Thursday, April 21, 2016

Birthday tribute to Her Majesty The Queen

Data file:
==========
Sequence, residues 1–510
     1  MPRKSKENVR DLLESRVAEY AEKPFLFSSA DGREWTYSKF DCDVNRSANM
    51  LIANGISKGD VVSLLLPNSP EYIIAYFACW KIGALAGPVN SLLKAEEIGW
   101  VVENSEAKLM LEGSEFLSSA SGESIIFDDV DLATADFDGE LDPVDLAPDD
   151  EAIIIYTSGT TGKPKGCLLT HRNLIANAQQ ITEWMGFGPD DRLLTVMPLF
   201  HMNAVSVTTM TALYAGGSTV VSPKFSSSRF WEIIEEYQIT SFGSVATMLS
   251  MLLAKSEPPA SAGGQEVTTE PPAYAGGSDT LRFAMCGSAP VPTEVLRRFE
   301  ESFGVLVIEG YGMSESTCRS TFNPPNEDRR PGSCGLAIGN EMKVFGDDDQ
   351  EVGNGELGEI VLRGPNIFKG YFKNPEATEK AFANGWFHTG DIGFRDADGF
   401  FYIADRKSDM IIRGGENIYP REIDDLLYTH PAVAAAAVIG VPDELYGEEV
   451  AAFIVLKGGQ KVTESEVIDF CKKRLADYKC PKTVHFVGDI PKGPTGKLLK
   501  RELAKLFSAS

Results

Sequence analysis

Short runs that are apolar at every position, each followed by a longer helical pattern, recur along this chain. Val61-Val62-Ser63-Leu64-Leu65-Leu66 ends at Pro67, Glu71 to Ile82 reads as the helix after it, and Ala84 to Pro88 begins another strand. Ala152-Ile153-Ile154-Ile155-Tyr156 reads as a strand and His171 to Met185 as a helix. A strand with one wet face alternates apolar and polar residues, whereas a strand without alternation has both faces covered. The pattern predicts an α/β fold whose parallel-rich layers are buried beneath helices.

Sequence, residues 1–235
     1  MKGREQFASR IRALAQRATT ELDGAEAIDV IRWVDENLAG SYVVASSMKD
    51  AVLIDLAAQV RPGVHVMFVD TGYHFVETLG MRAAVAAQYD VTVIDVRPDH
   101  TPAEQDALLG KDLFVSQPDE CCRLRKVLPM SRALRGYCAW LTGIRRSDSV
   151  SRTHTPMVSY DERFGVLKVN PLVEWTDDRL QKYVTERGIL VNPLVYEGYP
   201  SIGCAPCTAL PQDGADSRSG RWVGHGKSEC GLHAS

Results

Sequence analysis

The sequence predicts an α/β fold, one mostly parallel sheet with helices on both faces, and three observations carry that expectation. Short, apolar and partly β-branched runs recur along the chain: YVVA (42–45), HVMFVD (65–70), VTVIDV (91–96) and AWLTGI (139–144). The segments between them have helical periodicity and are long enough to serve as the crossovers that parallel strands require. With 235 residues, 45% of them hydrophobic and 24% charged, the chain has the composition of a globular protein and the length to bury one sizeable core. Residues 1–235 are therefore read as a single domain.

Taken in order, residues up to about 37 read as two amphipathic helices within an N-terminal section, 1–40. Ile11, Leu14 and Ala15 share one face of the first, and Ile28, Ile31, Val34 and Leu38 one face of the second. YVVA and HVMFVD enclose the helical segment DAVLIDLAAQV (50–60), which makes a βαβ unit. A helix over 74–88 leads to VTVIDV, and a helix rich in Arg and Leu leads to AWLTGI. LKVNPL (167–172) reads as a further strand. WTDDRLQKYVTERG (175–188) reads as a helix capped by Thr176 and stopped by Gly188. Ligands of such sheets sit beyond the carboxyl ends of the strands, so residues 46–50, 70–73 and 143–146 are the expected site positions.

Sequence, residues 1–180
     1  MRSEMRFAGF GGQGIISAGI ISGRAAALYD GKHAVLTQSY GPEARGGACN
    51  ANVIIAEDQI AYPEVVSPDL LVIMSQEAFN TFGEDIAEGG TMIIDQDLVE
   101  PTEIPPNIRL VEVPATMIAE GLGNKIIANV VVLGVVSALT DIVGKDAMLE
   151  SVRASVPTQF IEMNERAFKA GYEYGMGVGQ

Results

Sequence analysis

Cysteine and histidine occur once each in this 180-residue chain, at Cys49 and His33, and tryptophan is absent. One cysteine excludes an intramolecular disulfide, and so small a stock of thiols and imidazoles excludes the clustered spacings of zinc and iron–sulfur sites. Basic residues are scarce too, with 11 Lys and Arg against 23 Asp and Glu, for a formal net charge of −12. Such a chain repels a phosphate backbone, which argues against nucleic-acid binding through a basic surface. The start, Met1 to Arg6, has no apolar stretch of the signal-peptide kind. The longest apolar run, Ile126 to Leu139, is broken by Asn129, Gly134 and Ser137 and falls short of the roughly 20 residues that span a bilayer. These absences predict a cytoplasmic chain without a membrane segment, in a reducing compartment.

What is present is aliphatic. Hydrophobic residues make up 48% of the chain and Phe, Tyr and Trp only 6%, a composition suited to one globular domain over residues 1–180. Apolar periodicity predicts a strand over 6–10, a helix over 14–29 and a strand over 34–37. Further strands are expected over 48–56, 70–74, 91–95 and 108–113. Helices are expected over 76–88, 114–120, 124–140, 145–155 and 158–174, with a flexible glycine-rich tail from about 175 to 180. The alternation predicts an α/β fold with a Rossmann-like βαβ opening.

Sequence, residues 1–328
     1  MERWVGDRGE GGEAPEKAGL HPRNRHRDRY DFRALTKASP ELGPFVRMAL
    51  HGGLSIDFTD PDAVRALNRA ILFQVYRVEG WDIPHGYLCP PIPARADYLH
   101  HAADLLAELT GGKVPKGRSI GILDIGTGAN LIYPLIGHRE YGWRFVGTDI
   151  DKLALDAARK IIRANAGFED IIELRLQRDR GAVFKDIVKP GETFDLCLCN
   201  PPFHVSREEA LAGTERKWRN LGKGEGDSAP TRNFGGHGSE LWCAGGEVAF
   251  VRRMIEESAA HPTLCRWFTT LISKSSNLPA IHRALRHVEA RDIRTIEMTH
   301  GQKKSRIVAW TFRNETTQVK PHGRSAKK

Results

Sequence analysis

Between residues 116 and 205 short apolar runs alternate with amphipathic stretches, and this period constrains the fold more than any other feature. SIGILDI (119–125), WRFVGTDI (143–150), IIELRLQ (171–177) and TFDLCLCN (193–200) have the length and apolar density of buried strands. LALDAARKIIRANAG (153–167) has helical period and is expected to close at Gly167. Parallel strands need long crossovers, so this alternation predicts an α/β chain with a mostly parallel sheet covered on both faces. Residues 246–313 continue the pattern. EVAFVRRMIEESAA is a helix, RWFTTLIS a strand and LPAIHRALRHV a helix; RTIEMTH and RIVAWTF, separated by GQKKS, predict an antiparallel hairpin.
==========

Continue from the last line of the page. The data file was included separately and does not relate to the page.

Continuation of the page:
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On September 11, 2015, Her Majesty Elizabeth the Second, by the Grace of God, of the United Kingdom of Great Britain and Northern Ireland, and of Her Other Realms and Territories, Queen, Head of the Commonwealth, Defender of the Faith, Duke of Lancaster, Duke of Normandy, Lord of Mann, surpassed her great-great-grandmother, Queen Victoria, to become the longest-reigning British sovereign. It was yet another remarkable milestone in a life already filled with remarkable milestones. To add to her list of records, which include being the longest-reigning female monarch in world history and having the longest-lasting marriage of any British monarch, she again notches another feat today, April 21, 2016 –the only crowned ruler of the British Isles who lived to their ninth decade. If she possesses the impressive longevity of her beloved mother, Queen Elizabeth the Queen Mother, who soldiered on to the ripe old age of 101, the United Kingdom can expect to have Elizabeth II around for at least a few more years. If she lives to the year 2022, when she will be 96, she would celebrate her platinum jubilee to commemorate seventy years on the throne. This would place her second to King Louis XIV of France as the longest-reigning monarch in European history.